Tehran began enriching uranium up to 20 percent and seized a South Korean tanker in Gulf waters this week – two steps that threaten to put them on a path of conflict with the West. The increase – from around four percent – is a further breach of a 2015 agreement with world powers and brings Iran closer to being able to produce weapons-grade uranium, which requires 90 percent purity. The actions were seen as a warning to the incoming US administration as Tehran seeks to revive the nuclear deal that Washington scrapped in 2018 under the Trump administration.
But experts now fear the US President could take “reckless” military action against Iran during his final days in the White House before Joe Biden is inaugurated on January 20.
The US flew B-52 bombers over the Gulf three times in the past month, in what was called a “deterrence measure” ahead of the first anniversary of top Iranian general Qassem Soleimani’s assassination on January 3.
According to the assistant director of the Centre for International and Area Studies at Northwestern University, Danny Postel, Mr Trump is now under pressure from key allies in the Middle East to take action.
He added: “Trump is a very wounded and very cornered animal in an end-game scenario.”
Mr Postel said Mr Trump is “capable of extremely erratic behaviour” and warned his “most erratic and most reckless” may be yet to come.
Iran’s Islamic Revolutionary Guard Corps (IRGC) Navy seized the South Korean vessel yesterday for “environmental pollution” in the Persian Gulf.
The oil tanker, which was led to Bandar Abbas after being seized, was said to be carrying 7,200 tonnes of ethanol, according to the IRGC Navy.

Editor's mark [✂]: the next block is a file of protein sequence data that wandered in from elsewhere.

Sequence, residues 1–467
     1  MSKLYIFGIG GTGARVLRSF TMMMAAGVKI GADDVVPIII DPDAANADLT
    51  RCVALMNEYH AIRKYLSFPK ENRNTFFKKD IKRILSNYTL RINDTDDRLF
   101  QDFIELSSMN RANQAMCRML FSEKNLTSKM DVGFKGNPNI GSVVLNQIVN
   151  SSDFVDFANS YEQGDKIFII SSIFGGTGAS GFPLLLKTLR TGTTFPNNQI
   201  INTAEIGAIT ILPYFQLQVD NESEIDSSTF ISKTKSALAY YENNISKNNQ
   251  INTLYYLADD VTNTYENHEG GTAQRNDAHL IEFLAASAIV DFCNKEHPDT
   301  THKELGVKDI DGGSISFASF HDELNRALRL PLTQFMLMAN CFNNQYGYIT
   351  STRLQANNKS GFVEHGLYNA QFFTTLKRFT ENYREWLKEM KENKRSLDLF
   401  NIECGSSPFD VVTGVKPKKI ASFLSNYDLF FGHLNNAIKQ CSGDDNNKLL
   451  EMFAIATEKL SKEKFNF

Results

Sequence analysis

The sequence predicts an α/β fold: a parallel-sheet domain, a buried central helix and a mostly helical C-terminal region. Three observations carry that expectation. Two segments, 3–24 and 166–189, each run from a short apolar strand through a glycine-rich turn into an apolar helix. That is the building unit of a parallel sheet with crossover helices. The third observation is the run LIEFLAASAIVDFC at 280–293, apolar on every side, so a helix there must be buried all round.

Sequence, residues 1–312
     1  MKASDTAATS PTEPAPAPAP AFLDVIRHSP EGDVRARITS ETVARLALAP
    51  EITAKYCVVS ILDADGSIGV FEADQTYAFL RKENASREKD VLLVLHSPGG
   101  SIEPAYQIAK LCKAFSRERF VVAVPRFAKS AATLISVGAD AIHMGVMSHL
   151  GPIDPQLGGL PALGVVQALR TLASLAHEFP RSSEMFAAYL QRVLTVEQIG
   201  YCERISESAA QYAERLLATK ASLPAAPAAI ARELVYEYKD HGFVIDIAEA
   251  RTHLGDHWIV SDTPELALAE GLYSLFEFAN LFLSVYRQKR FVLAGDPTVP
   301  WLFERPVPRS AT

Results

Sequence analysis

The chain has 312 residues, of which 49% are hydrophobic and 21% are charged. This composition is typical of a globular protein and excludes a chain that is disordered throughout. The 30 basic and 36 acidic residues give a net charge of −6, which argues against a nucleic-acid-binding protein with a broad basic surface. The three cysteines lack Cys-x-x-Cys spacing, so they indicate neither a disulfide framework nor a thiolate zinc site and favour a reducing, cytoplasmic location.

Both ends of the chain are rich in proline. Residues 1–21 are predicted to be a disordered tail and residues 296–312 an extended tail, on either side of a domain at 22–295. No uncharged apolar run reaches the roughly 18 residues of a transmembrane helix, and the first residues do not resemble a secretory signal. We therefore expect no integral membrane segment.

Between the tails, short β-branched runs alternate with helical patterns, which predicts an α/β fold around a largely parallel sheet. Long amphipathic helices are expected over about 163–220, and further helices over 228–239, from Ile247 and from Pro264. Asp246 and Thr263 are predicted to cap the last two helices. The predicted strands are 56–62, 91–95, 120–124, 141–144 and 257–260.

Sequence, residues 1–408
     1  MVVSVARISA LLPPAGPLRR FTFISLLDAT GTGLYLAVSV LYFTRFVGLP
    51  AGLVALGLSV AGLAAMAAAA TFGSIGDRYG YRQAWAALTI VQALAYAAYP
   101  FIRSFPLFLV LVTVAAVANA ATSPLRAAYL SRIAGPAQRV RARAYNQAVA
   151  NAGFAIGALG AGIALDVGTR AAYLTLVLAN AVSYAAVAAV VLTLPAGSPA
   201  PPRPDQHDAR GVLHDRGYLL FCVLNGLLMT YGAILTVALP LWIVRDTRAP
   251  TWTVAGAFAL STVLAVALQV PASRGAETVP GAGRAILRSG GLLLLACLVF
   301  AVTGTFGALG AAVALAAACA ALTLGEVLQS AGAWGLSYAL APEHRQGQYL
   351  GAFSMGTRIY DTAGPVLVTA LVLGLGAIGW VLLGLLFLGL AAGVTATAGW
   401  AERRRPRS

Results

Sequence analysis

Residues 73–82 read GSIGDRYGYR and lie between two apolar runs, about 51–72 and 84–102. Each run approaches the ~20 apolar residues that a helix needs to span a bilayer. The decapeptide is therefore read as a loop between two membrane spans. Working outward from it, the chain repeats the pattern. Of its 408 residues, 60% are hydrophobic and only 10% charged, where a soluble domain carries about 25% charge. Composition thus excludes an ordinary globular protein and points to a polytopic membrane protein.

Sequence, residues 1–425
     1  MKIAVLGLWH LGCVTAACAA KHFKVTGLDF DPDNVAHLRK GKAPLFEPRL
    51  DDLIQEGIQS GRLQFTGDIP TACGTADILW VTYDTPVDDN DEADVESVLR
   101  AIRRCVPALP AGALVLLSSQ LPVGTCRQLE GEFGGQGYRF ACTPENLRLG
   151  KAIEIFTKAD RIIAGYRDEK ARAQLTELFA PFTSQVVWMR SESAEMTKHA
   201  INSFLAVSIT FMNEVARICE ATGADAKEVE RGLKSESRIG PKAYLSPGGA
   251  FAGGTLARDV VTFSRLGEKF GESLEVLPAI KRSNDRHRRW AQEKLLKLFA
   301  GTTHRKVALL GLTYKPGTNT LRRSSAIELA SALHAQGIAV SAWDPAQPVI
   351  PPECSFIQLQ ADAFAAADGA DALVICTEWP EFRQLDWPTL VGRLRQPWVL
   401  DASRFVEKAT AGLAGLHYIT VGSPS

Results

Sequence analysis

Seoul demanded for its immediate release after confirming it had been captured by Iranian authorities in waters off Oman.
There is tension between the two countries after US sanctions led to Iranian funds being frozen in South Korean banks.
The timing appears impeccable, as South Korea’s deputy foreign minister is due to visit Tehran in the coming days, and this will strengthen Iran’s hand in negotiations.
Meanwhile, the US State Department accused Iran of pursuing a “campaign of nuclear extortion” after it was confirmed uranium enrichment up to 20 percent had begun in Fordo.
Tehran has said it is retaliating to US economic sanctions that were reinstated in 2018 by Mr Trump when he abandoned the nuclear deal, officially known as the Joint Comprehensive Plan of Action (JCPOA).
Iranian President Hassan Rouhani said he ordered the move because he was “bound” by a new law requiring the production and storage of at least 120kg of 20 percent enriched uranium annually for peaceful purposes.
While some have warned about the potential for conflict to escalate under Mr Trump, experts see the moves this week as an attempt to mount pressure on Mr Biden.
Most are unconvinced that Tehran would give the Trump administration an excuse to launch a military confrontation right now as Mr Biden intends to restart diplomatic engagement.
The former Vice President has said he plans to rejoin the Iran nuclear deal which was signed by President Barack Obama and saw Iran limit its nuclear enrichment in exchange for a lifting of international sanctions.
Mr Trump withdrew the US from the agreement as part of his administration’s “maximum pressure” campaign against Tehran, which also saw Washington impose harsh sanctions on several key Iranian industries.